library genesis in Sekulic 2018

t capacity to centralize and control within
the realm of knowledge distribution, one look at the oligopoly of academic
publishing and its impact on access and independent production shows its

In June 2015 Elsiver won an injunction against Library Genesis and its
subsidiary platform, making it inaccessible in some countries and
via some commercial internet providers. Run by anonymous scientists mostly
from Eastern Europe, these voluntary and non-commercial projects are the
largest illegal

ssible to anyone, not just to members of wealthy
academic institutions. The act of acknowledging responsibility for sci-hub
transformed what was seen as the act of illegality (piracy) into the act of
civil disobedience. In the context of sci-hub and Library Genesis, both
projects from the periphery of knowledge production, “copyright infringement
opens on to larger questions about the legitimacy of the historic compromise –
if indeed there ever even was one – between the labor that produces culture
and kn

nfrastructures of
Knowledge Production’. Memory of the World (blog), 30 October 2014.

(4) For more on shadow libraries and library genesis see: Bodo, Balazs.
‘Libraries in the Post-Scarcity Era’. SSRN Scholarly Paper. Rochester, NY:
Social Science Research Network, 10 June 2015.

(5) ‘Sci-Hub Tears Down Academia’s “Illegal” Copyrig

l 2018.[](

(8) Ibid.

(9) Mars, Marcell and Tomislav Medak, The System of a Takedown, forthcoming,

(10) See ‘In Solidarity with Library Genesis and Sci-Hub’. Accessed 7 April 2018.

library genesis in Mars & Medak 2019

digital texts and collections, published a letter
article | 345

ephemera: theory & politics in organization

(, 2015) in support of two of the largest user-created
repositories of pirated textbooks and articles on the Internet – Library Genesis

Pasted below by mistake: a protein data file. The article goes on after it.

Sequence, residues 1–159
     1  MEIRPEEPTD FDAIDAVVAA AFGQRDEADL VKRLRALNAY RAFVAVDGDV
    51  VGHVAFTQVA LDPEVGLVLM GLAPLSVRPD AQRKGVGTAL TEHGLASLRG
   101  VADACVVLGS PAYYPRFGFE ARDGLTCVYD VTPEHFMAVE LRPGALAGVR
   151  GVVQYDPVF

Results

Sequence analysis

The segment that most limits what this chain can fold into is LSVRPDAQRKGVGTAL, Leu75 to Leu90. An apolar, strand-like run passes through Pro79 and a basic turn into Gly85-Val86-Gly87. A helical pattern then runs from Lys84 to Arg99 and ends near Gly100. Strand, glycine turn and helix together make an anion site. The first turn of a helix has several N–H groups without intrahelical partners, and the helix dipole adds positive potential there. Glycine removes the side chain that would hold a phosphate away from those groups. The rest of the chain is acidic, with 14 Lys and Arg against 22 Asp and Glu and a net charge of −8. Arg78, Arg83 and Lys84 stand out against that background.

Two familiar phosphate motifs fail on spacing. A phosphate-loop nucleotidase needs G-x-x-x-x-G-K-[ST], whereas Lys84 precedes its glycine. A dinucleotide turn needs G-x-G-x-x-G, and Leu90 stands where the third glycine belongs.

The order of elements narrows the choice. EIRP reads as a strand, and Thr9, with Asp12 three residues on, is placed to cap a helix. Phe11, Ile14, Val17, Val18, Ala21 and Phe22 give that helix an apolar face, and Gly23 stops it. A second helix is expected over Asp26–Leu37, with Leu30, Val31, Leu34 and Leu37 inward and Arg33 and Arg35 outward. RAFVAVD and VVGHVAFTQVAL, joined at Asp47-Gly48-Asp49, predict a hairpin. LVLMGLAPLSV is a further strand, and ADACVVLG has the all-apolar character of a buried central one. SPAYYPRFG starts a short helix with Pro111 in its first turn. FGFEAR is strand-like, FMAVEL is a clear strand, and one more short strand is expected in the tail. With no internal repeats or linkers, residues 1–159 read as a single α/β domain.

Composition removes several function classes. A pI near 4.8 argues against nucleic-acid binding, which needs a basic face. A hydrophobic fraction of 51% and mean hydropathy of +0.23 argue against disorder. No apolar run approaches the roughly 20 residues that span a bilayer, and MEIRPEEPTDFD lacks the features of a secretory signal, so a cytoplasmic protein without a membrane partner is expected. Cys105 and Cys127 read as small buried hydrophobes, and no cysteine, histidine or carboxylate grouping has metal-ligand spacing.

and Science Hub. Library Genesis and Science Hub’s web domain names were
taken down after a New York court issued an injunction following a copyright
infringement suit filed by the largest commercial academic publisher in the
world – Reed Elsevier. It is a familiar trajectory th

education seems … to be self-evident’ (Baty, 2017).
Uneven economic development reinforces global uneven development in higher
education and science – and vice versa. It is in the face of this combined
economic and educational unevenness, that Library Genesis and Science Hub,
two repositories for a decommodified access to otherwise paywalled resources,
attain a particular import for students, academics and researchers worldwide.
And it is in the face of combined economic and educational unevenness, that
Library Genesis and Science Hub continue to brave the court decisions,
continuously changing their domain names, securing ways of access beyond the
World Wide Web and ensuring robust redundancy of the materials in their
The letter hig

ese economies are largely based on selling cheap low-skilled
labor. So, their public funders leave them in their underfunded torpor to
improvise their way through education and research processes. It is these
institutions that depend the most on the Library Genesis and Science Hubs of
this world. If we look at the download data of Library Genesis, as has Balasz Bodó
(2015), we can discern a clear pattern that the users in the rich economies use
these shadow libraries to find publications that are not available in the digital
form or are pay-walled, while the users in the developing economies

nchester: Manchester University
Collini, S. (2017) Speaking of universities. London: Verso.
Critchley, S. (2007) Infinitely demanding: Ethics of commitment, politics of
resistance. London: Verso. (2015) ‘In solidarity with Library Genesis and Sci-Hub’. [http:/





Dolenec, D. (2016) ‘The implausible knowledge triangle of the Western Balkans’,
in S. Gupta, J. Habjan and H


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